Victims Tortured In China Appear Before Fairfax City Council
FAIRFAX CITY, VA — Fairfax City Council passed a resolution at its June 22 meeting in support of efforts to inform city residents and the medical community about the risks of traveling to the People’s Republic of China for organ transplants.
The resolution also formally expressed the council’s opposition to China’s state-sponsored forced organ harvest of minorities, religious groups and political prisoners.
“A large component of this practice involves forced harvesting of organs from individuals who did not consent to such actions,” City Attorney Brian Lubkeman said during the presentation of the resolution. “And there’s increasing evidence that many of these organs and much of this organ harvesting is state-sponsored. These organs are harvested from prisoners of conscience, specifically political prisoners and certain minority and religions groups.”
In addition, Chinese government has been called out as one of the largest state-sponsored actors in this area, Lubkeman added.
“Along with this there is a growth in what is called ‘medical tourism,’ where individuals travel to other countries for medical procedures and, in this case, for organ transplantation,” he said. “The troubling aspect for this and another reason for this resolution is that it’s apparent that many of these individuals that travel overseas are not aware of the sources of these organs.”
Both Fairfax and Prince William counties have already approved similar resolutions condemning the practice and warning residents about the dangers of traveling to China for organ transplants. In addition, the bipartisan Stop Forced Organ Harvesting Act was introduced in both houses of Congress earlier this year.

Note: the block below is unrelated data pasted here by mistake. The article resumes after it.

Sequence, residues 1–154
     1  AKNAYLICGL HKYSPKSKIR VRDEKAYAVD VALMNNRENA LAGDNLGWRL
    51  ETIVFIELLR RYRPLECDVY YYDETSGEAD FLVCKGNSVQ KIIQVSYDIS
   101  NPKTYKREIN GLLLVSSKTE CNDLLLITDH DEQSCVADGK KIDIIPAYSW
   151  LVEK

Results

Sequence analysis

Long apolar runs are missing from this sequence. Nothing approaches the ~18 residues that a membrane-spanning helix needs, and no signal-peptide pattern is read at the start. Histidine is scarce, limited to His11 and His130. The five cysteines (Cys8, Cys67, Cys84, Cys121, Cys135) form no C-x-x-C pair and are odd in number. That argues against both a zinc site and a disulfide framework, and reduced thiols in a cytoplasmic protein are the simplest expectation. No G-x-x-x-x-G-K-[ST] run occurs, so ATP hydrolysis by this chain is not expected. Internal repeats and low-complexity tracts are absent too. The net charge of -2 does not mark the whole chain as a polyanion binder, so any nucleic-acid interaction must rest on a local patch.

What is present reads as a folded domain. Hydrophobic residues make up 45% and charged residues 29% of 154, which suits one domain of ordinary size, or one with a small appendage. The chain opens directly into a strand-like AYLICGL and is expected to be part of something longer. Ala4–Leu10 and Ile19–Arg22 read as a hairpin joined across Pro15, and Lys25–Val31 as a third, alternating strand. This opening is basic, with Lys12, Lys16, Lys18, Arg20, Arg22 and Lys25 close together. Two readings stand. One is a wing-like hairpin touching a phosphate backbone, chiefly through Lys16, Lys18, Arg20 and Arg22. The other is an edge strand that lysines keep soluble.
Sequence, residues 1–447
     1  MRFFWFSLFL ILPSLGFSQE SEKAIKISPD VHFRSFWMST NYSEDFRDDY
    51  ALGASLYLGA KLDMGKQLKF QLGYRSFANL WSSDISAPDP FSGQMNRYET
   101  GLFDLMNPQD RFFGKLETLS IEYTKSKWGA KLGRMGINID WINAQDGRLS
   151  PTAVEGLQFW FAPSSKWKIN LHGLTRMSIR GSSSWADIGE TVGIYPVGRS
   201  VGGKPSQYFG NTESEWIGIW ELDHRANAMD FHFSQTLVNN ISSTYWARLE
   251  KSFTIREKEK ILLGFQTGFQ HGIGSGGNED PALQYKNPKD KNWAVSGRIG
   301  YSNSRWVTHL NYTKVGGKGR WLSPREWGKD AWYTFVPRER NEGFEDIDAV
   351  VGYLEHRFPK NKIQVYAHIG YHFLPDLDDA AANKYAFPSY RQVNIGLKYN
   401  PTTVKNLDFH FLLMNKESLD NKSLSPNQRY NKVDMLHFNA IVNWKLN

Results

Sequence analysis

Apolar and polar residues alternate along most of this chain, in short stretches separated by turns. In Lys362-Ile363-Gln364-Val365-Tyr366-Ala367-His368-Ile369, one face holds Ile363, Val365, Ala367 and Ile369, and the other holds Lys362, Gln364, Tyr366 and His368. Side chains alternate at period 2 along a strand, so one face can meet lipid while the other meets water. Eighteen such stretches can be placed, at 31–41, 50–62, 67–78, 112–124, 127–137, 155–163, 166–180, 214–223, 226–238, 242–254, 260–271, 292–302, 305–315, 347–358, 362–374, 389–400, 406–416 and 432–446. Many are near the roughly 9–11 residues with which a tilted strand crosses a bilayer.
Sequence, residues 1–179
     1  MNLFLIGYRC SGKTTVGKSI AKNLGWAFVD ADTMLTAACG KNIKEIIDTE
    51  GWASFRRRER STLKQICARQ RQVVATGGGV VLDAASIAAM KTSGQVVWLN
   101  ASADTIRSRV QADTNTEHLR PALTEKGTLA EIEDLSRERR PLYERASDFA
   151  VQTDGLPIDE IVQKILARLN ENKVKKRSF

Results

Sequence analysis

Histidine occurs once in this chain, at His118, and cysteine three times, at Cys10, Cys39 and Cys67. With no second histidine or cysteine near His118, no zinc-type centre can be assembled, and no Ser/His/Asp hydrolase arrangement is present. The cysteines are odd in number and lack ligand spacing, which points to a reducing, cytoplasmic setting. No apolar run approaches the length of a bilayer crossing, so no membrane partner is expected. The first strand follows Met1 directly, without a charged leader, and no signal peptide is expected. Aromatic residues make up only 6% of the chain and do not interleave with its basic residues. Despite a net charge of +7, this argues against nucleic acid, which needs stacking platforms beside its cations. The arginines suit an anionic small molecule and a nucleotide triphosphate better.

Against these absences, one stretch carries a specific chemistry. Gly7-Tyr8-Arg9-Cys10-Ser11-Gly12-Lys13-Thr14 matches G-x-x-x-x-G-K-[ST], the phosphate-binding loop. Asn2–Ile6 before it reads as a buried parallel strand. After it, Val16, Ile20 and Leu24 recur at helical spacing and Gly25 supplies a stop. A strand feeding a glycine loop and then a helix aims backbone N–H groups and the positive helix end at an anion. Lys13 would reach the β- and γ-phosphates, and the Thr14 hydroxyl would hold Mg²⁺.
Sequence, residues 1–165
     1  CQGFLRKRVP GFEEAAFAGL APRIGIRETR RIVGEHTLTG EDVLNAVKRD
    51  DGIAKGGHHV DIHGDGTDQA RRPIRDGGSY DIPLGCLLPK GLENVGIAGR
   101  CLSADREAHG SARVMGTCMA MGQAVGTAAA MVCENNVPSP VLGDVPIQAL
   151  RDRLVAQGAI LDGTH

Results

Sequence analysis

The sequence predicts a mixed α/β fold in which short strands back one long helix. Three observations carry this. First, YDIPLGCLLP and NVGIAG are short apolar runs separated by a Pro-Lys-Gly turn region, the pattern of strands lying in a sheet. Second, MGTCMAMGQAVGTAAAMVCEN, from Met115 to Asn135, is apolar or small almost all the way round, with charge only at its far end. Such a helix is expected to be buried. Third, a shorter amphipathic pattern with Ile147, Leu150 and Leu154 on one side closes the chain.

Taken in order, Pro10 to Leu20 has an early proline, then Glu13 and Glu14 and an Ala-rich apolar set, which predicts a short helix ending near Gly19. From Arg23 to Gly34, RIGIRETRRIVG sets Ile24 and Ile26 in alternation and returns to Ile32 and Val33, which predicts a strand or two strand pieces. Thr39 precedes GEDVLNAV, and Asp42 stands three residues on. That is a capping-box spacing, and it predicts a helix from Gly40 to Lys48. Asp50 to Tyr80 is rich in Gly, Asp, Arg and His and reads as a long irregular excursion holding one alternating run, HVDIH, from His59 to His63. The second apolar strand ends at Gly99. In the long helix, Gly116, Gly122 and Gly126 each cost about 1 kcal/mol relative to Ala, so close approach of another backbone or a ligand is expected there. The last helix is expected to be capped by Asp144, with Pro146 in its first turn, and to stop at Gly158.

Councilmember Sang Yi, who introduced the resolution, said it was important for residents to know the sources of the organs they receive through a transplant.
“Apparently, there are a lot of people, especially in Northern Virginia, who become medical tourists,” he said. “They need an organ transplant, and they go to China; and there’s these reports about people coming up, approaching them and saying, ‘Hey, you need a new kidney will give me $50,000 and I’ll get a new one in China two weeks.'”
The source for many of these organs are persecuted minorities, such as Muslims, Christians, Uyghurs and practitioners of Falun Gong, according to Yi.
City residents Kim Eng, his wife Chunmei Ma, and sister-in-law Ma Chunling were among those who appeared before the council in support of the resolution. As practitioners of Falun Gong, they are familiar with the oppression exercised by the Chinese government.
“My wife is originally from China, so she has experienced issues related to being evicted, being a potential victim of forced organ harvesting,” he said. “The same also goes with my wife’s younger sister. She also went through a similar situation.”
Eng’s wife, Chunmei Ma, was imprisoned for four years in China. During that time, she was routinely beaten, kicked, handcuffed and hung for long periods. She was also drugged and forced to labor for 19 hours without break. Her sister also experienced similar ordeals at the hands of the government.
Eventually, Chunmei Ma was able to leave China and spent the next six years in Thailand. With the help of the U.S. government, she was able to seek asylum in the United States and became an American citizen.
While Eng and his family members were not actual victims of organ harvesting themselves, they condemned the practice and wanted to raise awareness in the community.
“We needed to let more people, not just the council and mayor, but pretty much everybody in the United States know the evilness of Communist men,” he said.
In an interview after the resolution passed, Yi said he found the testimony in support of the measure very emotional.
“I was quite a little overwhelmed,” Yi said. “They even had a petition going with like maybe 100, 150 or 200 people, who are all city residents. We actually do have a pretty strong Asian population in our city.”